If the accused violates a no contact order ofr civil protection order, it will be considered a completely separate offense from the original domestic violence charge it arose from and will come with its own penalties. For people who have two or fewer prior convictions for violating an NCO or CPO, the charge for a violation without any assault in the original domestic violence incident involved is a gross misdemeanor, which can net a punishment of a $5,000 fine and up to 364 days in jail. That person will also lose their right to own or possess firearms.
For those with a history of violating these orders or whose initial domestic violence charge included assault, the offense for a CPO or NCO violation is a Class C felony. This felony carries a maximum jail sentence of five years and a $10,000 fine. Additionally, since the very violation of an NCO or CPO is considered a domestic violence crime, that person will lose their right to own or possess a firearm post-conviction.
Because of the severe consequences of CPO and NCO violations, it’s essential that all people subject to these orders obey CPO and no contact order rules to the letter. If either party were to enter any public place, like a grocery store, restaurant, or event venue, and see each other, the accused would need to leave immediately. Any contact the accused has with the alleged victim, no matter where it is, can be seen as a CPO or NCO violation.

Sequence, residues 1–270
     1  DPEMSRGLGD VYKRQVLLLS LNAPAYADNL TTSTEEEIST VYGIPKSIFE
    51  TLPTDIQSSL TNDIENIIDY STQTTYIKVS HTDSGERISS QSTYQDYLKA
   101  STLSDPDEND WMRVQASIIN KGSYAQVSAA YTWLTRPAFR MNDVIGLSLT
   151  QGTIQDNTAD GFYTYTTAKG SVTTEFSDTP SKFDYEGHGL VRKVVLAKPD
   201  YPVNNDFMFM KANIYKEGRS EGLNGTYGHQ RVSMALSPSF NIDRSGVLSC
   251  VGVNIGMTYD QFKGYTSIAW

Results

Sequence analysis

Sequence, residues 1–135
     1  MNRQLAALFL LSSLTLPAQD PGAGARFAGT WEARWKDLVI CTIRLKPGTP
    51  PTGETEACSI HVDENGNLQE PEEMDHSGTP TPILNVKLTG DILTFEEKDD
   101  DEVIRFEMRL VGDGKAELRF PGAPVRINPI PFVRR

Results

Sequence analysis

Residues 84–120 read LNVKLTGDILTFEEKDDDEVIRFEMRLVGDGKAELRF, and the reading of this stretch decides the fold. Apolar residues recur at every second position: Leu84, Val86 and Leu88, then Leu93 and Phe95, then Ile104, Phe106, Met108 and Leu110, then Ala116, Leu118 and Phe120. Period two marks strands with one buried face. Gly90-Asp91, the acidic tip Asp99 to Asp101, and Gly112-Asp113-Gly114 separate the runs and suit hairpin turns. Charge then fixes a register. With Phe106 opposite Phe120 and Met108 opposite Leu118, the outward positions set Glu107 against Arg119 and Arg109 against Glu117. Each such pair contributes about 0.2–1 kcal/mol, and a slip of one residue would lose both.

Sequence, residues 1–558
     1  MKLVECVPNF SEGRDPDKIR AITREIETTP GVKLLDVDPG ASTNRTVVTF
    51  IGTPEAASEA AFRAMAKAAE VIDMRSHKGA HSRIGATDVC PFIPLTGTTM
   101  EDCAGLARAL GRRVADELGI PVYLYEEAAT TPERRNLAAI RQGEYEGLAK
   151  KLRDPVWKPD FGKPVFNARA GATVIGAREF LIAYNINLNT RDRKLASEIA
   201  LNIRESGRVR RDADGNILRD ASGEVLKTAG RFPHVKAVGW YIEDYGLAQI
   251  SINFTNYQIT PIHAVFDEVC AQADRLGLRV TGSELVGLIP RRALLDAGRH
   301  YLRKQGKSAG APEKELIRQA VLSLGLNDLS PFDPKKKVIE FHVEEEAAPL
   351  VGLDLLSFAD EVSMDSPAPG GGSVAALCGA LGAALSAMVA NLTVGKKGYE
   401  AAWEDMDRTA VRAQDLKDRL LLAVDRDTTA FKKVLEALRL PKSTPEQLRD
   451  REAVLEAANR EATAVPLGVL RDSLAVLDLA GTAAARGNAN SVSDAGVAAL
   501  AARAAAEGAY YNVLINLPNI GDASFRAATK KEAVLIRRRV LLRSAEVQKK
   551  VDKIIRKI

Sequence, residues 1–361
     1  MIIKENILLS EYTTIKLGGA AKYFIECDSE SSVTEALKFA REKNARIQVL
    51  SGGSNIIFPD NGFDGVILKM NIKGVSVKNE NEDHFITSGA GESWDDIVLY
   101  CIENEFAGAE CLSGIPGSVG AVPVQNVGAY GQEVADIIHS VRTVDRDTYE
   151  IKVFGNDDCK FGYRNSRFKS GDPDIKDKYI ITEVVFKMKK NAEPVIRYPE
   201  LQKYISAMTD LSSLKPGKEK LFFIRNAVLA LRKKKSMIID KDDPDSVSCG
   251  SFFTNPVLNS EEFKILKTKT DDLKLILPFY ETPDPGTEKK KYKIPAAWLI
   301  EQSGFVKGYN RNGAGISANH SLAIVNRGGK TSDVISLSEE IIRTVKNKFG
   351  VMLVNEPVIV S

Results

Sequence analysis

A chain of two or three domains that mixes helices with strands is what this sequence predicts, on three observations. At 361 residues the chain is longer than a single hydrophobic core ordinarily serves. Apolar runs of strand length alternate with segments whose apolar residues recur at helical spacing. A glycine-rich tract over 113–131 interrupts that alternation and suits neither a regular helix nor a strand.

Does a no-contact order go both ways?
Unfortunately for the accused, a no-contact order or civil protection order does not bar contact on both sides. This means that the alleged victim can contact the accused as much as they please and however they want without repercussion. As long as the accused doesn’t choose to respond, they won’t receive an NCO violation. However, the moment they choose to return the contact, they are in violation and face fines, jail time, and charges according to their situation.
Removing an NCO
Having a no-contact order removed can be difficult, even if the alleged victim is the party that requests it’s removal, and judges often still leave it in place for a period of time after such a request. One potential way to have the order removed is by undergoing an evaluation with a domestic violence treatment provider and complying with the treatment recommended. That treatment can range from a set number of hours of anger management classes, a 6 month moral reconation therapy (MRT) program, or a 1 year Domestic Violence Intervention Treatment (DVIT).
If you or someone you know is facing domestic violence charges or already have a no-contact order in place against you, contact an experienced domestic violence defense lawyer about your case. These charges often have severe repercussions in both the long and short term. With experienced legal help on your side, you’ll be more aware of what is going on in your case and all its possible outcomes.